Featured: As Hidalgo County’s population is quickly approaching almost 900,000, according to the most recent estimated by the U.S. Census Bureau, with that growth has come the need for the area’s judicial system to keep up with the increases in criminal and civil cases, according to Rep. Terry Canales, D-Edinburg. Canales, who also serves as Chair, House Committee on Transportation, in the last few days of the recently completed 86th Texas Legislature, helped shape legislation that authorizes the creation of two county courts-at-laws in Hidalgo County.
Graphics By Sapling Synchronized Clock Systems (https://sapling-inc.com/courtrooms-2/)
Featured: Justice Dori Contreras will be sworn in as Chief Justice of the Texas Thirteenth Court of Appeals at 10 a.m. on Wednesday, January 2, 2019, on the fifth floor of the Hidalgo County Administration Building, 100 E. Cano Street, Edinburg. She is the first woman to be elected as Chief Justice of the Texas Thirteenth Court of Appeals and only the second Latina statewide to hold the office of Chief Justice.
Photograph Courtesy TEXAS THIRTEENTH COURT OF APPEALS
Featured, from left: Sen. Juan “Chuy” Hinojosa, D-McAllen during the Tuesday, December 4, 2018 public meeting of the Hidalgo County Commissioners Court was among federal, state, county and local leaders to pay homage to Hidalgo County Commissioner Precinct 4 Joseph Palacios for Palacios’ two four-year terms in that office. On January 1, 2019, Ellie Torres of Edinburg will succeed Palacios as the new county commissioner.
Photograph By EVANA VLECK
Featured: Guy Bailey, Ph.D, President, The University of Texas Rio Grande Valley; William H. McRaven, Chancellor, The University of Texas System; and Havidán Rodríguez, Ph.D., Provost and Executive Vice President for Academic Affairs at The University of Texas Rio Grande Valley, on Saturday, July 23, 2016. The three UT System leaders were among hundreds of other dignitaries, family, and well-wishers who gathered at the UTRGV Performing Arts Complex auditorium in Edinburg to congratulate the inaugural class of 55 students who are beginning their first year of medical school in Edinburg. The Edinburg Mayor, Edinburg City Council, and Edinburg Economic Development Corporation played key roles in 2013 in securing a full-fledged medical school from the Texas Legislature for deep South Texas. Rodríguez also is a former member of the Edinburg EDC Board of Directors.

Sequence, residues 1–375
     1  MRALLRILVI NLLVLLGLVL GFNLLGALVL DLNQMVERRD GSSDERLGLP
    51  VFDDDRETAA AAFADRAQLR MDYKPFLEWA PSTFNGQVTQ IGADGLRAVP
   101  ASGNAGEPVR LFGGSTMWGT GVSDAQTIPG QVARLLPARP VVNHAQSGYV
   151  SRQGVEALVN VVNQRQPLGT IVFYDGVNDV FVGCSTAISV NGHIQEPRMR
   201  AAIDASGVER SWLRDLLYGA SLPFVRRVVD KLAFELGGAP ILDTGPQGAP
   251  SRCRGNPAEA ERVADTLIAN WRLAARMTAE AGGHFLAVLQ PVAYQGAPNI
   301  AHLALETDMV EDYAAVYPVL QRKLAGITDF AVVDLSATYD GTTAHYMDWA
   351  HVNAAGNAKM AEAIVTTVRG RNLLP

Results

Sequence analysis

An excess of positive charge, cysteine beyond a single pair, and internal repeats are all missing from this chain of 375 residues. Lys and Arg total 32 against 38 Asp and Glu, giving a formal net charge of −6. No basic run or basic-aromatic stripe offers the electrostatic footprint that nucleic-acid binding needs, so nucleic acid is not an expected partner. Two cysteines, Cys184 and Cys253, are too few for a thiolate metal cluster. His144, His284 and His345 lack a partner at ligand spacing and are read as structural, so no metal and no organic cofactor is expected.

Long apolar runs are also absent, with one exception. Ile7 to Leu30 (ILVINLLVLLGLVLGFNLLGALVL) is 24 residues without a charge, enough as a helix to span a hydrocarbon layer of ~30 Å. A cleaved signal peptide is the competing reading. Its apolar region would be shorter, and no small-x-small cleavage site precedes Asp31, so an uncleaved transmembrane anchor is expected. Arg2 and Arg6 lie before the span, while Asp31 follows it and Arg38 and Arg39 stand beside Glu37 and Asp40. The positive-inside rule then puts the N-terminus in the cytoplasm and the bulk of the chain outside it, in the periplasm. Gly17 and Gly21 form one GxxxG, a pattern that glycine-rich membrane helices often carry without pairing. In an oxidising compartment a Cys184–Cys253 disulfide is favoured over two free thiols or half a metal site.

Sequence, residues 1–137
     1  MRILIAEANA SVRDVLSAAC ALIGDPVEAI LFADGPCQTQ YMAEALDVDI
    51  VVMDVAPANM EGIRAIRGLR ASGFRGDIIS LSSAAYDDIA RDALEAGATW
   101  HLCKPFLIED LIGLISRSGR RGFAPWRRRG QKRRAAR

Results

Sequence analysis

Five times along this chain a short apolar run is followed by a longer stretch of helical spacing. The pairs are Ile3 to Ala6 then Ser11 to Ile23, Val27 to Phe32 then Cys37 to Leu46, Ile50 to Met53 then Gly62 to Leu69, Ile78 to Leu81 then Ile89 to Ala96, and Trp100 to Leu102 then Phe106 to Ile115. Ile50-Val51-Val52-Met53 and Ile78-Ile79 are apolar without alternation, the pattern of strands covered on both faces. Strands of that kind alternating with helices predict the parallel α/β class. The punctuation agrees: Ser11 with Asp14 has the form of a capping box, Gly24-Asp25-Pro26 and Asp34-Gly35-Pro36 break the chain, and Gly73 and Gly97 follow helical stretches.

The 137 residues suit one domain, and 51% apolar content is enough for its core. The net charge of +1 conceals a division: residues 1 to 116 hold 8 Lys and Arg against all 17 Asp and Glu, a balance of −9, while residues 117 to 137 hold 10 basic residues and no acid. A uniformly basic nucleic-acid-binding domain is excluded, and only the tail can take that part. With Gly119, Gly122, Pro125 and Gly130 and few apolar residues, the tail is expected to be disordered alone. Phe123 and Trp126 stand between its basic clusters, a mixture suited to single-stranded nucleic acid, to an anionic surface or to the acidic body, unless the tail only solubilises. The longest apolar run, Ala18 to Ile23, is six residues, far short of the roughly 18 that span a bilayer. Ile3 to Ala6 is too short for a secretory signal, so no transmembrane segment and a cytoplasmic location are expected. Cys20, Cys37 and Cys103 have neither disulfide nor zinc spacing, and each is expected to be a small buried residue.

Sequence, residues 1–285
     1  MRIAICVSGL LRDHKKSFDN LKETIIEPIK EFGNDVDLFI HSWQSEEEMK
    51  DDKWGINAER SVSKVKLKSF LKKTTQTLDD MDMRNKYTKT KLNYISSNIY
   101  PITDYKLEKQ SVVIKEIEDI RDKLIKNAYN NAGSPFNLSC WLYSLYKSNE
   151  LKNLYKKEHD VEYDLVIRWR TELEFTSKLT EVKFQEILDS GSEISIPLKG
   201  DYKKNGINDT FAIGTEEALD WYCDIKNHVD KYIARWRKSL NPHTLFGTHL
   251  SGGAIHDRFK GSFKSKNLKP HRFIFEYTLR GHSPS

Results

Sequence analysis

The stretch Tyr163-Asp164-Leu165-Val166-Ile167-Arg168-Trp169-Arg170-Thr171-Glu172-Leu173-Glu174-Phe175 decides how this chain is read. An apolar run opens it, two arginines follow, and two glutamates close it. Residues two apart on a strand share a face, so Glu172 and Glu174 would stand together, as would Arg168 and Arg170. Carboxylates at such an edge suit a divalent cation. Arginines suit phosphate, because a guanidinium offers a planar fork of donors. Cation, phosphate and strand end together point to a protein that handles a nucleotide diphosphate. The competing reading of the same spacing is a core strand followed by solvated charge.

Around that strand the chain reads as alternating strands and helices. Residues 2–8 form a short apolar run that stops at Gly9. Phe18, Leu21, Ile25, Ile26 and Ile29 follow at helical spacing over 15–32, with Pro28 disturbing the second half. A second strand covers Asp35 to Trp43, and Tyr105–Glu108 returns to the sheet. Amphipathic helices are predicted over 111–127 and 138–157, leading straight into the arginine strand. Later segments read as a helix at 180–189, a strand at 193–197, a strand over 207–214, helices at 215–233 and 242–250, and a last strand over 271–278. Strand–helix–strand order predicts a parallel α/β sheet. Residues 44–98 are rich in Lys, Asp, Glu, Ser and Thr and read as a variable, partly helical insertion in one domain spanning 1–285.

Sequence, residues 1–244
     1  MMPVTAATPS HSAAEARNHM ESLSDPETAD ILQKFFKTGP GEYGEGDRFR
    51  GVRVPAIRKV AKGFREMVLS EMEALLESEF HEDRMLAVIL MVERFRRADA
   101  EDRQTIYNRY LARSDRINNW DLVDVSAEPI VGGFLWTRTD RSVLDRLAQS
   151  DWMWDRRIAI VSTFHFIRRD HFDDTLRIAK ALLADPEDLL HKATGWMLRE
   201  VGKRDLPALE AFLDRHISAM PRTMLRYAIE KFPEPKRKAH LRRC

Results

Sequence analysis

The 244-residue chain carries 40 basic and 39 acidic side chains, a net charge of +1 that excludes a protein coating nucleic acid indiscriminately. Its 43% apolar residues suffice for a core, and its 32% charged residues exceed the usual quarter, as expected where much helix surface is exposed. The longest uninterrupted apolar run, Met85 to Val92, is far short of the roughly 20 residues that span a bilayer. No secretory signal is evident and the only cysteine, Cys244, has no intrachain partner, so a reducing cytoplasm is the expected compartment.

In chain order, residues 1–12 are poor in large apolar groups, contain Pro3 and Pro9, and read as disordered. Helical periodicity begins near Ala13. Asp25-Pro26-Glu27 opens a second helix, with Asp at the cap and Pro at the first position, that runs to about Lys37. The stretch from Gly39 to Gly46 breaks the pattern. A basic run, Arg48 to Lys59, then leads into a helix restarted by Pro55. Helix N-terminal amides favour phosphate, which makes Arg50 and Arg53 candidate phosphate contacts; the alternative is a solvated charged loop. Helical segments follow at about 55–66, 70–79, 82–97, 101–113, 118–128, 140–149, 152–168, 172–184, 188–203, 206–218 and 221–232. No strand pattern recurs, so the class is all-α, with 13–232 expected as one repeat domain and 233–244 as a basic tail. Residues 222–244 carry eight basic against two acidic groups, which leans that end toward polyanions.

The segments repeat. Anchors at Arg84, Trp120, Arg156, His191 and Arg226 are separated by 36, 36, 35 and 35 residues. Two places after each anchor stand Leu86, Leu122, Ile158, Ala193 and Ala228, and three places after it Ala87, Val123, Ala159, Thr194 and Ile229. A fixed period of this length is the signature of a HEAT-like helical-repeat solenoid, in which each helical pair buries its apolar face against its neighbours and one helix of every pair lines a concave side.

Photograph By DAVID PIKE
For the first time in almost a year, Edinburg’s unemployment rate rose above five percent, based on the June 2016 estimate by the Texas Workforce Commission, but that figure still represents the best showing for that month in the city since June 2008, the Edinburg Economic Development Corporation has announced. Edinburg, with a 5.4 percent monthly unemployment rate, along with McAllen (5.1 percent) and Harlingen (5.7 percent), were the only three cities in deep South Texas to post figures for June 2016 under six percent, the Texas Workforce Commission reported on Friday, July 22, 2016. According to the latest data, there were 36,322 people employed in Edinburg during the month of June 2016. That performance represents an increase of 612 jobs in Edinburg when comparing the employment figures for June 2016 (36,322) and June 2015 (35,710).
Featured, from left: Daniel Rivera, Founder, Grindstone Coworking of Edinburg (www.TheGrindstone.co) and Agustín García, Jr., Executive Director of the Edinburg Economic Development Corporation, reviewing key data about the strength of the Edinburg economy prior to a broadcast interview on Tuesday, May 10, 2016 on KURV710 Talk Radio.
Photograph By DIEGO REYNA
For the second consecutive month, Edinburg’s retail economy during May 2016 had the best rate of improvement – 10.78 percent – over the same month last year among the Valley’s major cities, while by comparison, cities statewide reported a combined average improvement of 2.7 percent in May 2016 compared with May 2015, the Edinburg Economic Development Corporation has announced. These figures are based on sales made in May 2016 by businesses that report tax monthly. For May 2016, Edinburg’s retail economy generated $1,730,440.77 in local sales taxes, compared with $1,561,948.68 during the same time in 2015, representing the improvement of 10.78 percent, according to the Texas Comptroller of Public Accounts. The local sales tax is used in Edinburg to help pay for many city services, while the Edinburg EDC uses its one-half cent local sales tax to help generate economic development in the city.